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Plant Bioacoustics
Probing Plant Physiology
Plants can transmit and reflect animal sounds, but they also produce sounds as well as a result of various physiological processes. Bending and drying wood produces microfractures and other displacements that can generate acoustic energy, a process dubbed acoustic emission (AE). As far back as 1933, Kishinouye (1990) conducted what may have been the first AE experiment by recording the sounds made by a piece of wood under bending stress. Active research continues into using AE techniques to check the quality of lumber being dried on an industrial scale as well as being a host of other inorganic struc- tures and materials.
However, the most consistent acoustic study of plant physi- ology began in 1966 (Milburn and Johnson, 1966), when researchers observed that dehydrating plants produce ultra- sonic cavitation sounds. We all know that plants need water to survive, but what we generally do not realize is that less than 1% of the water consumed by a plant is used to grow via photosynthesis.
Instead, more than 99% of the of water absorbed by plant roots rises through the stem or trunk along a thin cylindrical layer called the xylem, on its way to being transported toward stomata embedded in the leaves where it eventually transpires into the atmosphere. This internal water flow transports nutrients to the leaves and cools and maintains the shape and structure of the plant on both a macro- and microscopic level. As the water evaporates from the leaves, the high viscosity (and thus surface tension) of the water causes it to be wicked up from the roots, and thus the various conduits conducting water through the xylem are under hydraulic pressure. When water becomes scarce in the ground, the conduit tension increases, just like the tension you feel in your mouth when trying to suck a particu- larly thick milkshake through a small-diameter straw. When the milkshake is nearly gone, air bubbles enter the straw and create loud sounds that siblings have used to annoy each other for generations.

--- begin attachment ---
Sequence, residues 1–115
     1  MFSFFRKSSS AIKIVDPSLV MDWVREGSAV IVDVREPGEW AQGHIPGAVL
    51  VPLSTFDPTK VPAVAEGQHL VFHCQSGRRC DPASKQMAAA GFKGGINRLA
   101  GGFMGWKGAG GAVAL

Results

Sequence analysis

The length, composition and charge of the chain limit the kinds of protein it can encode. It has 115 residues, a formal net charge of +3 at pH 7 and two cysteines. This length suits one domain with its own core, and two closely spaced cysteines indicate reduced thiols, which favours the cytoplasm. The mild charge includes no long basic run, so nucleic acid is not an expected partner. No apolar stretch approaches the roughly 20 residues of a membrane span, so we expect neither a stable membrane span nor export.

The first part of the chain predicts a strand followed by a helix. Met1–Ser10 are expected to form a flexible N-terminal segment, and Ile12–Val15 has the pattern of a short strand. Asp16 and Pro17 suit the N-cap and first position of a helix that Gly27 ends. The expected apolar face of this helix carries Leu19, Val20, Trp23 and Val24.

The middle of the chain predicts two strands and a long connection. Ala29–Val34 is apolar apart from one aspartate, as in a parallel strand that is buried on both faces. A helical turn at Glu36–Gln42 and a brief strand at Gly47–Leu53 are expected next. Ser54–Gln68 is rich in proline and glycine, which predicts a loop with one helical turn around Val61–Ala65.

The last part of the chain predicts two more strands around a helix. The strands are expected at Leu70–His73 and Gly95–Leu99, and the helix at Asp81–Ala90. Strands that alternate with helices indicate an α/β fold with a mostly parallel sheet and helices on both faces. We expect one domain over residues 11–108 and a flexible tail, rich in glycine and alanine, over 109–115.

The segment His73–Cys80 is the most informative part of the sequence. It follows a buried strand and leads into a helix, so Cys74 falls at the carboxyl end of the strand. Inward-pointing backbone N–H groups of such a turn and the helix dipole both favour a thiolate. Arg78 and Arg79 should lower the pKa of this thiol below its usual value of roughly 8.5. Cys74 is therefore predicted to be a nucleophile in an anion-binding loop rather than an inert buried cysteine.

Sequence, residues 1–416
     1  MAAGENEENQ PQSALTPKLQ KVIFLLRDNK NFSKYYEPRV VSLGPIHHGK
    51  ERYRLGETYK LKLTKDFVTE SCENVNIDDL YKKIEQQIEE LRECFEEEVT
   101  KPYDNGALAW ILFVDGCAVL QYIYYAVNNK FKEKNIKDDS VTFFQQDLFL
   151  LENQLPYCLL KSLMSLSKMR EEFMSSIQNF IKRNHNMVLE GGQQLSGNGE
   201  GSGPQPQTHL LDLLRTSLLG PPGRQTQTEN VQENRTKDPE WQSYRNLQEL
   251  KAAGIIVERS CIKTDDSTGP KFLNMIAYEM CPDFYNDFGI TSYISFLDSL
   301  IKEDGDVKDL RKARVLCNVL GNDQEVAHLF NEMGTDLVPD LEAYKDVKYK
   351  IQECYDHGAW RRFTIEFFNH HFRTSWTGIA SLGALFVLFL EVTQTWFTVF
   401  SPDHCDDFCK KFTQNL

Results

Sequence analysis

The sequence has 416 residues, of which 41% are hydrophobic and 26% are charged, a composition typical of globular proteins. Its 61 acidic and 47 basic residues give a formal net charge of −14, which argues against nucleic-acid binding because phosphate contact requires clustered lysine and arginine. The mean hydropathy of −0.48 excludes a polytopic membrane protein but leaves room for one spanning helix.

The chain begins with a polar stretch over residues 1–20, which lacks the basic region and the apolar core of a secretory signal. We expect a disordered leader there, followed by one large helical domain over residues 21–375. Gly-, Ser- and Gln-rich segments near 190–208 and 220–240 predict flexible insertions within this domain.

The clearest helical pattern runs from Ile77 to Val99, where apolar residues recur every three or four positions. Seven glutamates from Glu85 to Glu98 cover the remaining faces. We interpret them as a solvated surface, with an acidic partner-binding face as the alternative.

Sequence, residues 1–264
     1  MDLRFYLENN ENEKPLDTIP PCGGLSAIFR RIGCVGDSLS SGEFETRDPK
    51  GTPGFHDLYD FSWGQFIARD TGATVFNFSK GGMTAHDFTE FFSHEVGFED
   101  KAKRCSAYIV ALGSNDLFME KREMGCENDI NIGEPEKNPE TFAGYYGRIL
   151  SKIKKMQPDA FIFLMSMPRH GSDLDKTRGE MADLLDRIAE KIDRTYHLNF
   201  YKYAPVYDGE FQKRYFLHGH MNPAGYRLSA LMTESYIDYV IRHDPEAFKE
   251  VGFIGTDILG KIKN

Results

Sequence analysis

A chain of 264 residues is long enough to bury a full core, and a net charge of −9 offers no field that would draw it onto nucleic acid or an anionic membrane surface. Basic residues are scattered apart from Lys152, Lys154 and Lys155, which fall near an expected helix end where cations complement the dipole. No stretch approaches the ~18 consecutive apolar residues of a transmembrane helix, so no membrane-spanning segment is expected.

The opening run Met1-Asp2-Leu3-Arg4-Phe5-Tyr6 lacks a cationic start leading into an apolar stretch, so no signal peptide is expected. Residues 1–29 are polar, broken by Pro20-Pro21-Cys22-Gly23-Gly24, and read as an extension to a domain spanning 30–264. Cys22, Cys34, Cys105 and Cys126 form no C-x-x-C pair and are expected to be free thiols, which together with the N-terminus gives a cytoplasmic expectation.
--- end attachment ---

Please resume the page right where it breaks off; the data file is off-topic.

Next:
Similarly, if the hydraulic tension in the xylem of the plant gets too large, gas will begin entering the conduits, forming cavitation bubbles that, if they grow too numerous and large, will impair sap flow and eventually wilt and kill the plant. As these bubbles form and cavitate, they radiate acoustic energy, as any frustrated underwater propeller engineer will tell you. These ultrasonic signals can be picked up by transducers placed in the bark and can thus reveal whether an in situ plant is drought stressed.
The possibility of using noninvasive, nondestructive acoustic methods to measure the drought stress of plants in the field has fascinated scientists for decades. This is because standard methods for measuring hydraulic conductivity involve needles and other invasive poky things, which tend to inject air bubbles, creating all sorts of artifacts in the resulting measurements.
However, multiple challenges face acoustic measurements. Plants produce bubbles in a multitude of ways beyond dehy- dration, including fiber cavitation, mechanical strain and fracturing, rewatering, freezing, and thawing. Progress on this front has interesting parallels to signal classification in animal bioacoustics; increasing signal-processing capabili- ties has allowed more detailed features of cavitation signals to be extracted and correlated with different source mecha- nisms. For example, recent work has found that dehydration cavitation generally produces signals with peak frequencies between 100 and 200 kHz, whereas other bubble-formation processes tend to produce signals with lower peak frequen- cies (De Roo et al., 2016). Hindering further progress is a lack of knowledge about the detailed micromechanics of how cavi- tation bubbles form. And just as the case with insect sound transmission, the ultrasonic cavitation signals experience absorption and dispersion as they work their way through the complex structure of a plant, complicating signal feature extraction and classification.
Even more troublesome is that all acoustic metrics to date are nonlinearly related to dehydration level (formally defined as percentage loss of hydraulic conductivity), in part because acoustic cavitation is related to changes in air embolism (dehydration) rather than the absolute level of drought stress itself. Raw counting of cavitation signal rates turns out to be an inconsistent indicator of drought stress, so more recent work has added measurements of cumulative energy (or sound exposure), which has led to some improvements (De Roo et al., 2016). The prospect of measuring drought stress in the field with acoustics remains tantalizing.
A completely independent line of research into plant pho- tosynthesis has emerged in underwater acoustics, where multiple researchers have investigated how underwater photosynthesis in seagrass and, more recently, marine algae can be detected using sonar. The work by Freeman et al. (2018) on algae has even found that photosynthesis can be measured with passive acoustics by detecting the
“ringing” of the oxygen bubbles as they separate from the plant and drift toward the surface. Tank measurements of
50 | Acoustics Today | Winter 2019

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